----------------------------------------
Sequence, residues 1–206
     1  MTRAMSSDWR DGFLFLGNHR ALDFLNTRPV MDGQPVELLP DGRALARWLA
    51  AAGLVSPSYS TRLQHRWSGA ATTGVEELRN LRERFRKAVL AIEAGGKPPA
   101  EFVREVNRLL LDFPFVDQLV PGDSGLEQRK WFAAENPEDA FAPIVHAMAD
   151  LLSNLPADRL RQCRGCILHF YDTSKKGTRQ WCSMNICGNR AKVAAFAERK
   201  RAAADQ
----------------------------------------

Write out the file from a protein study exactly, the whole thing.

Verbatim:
Sequence, residues 1–206
     1  MTRAMSSDWR DGFLFLGNHR ALDFLNTRPV MDGQPVELLP DGRALARWLA
    51  AAGLVSPSYS TRLQHRWSGA ATTGVEELRN LRERFRKAVL AIEAGGKPPA
   101  EFVREVNRLL LDFPFVDQLV PGDSGLEQRK WFAAENPEDA FAPIVHAMAD
   151  LLSNLPADRL RQCRGCILHF YDTSKKGTRQ WCSMNICGNR AKVAAFAERK
   201  RAAADQ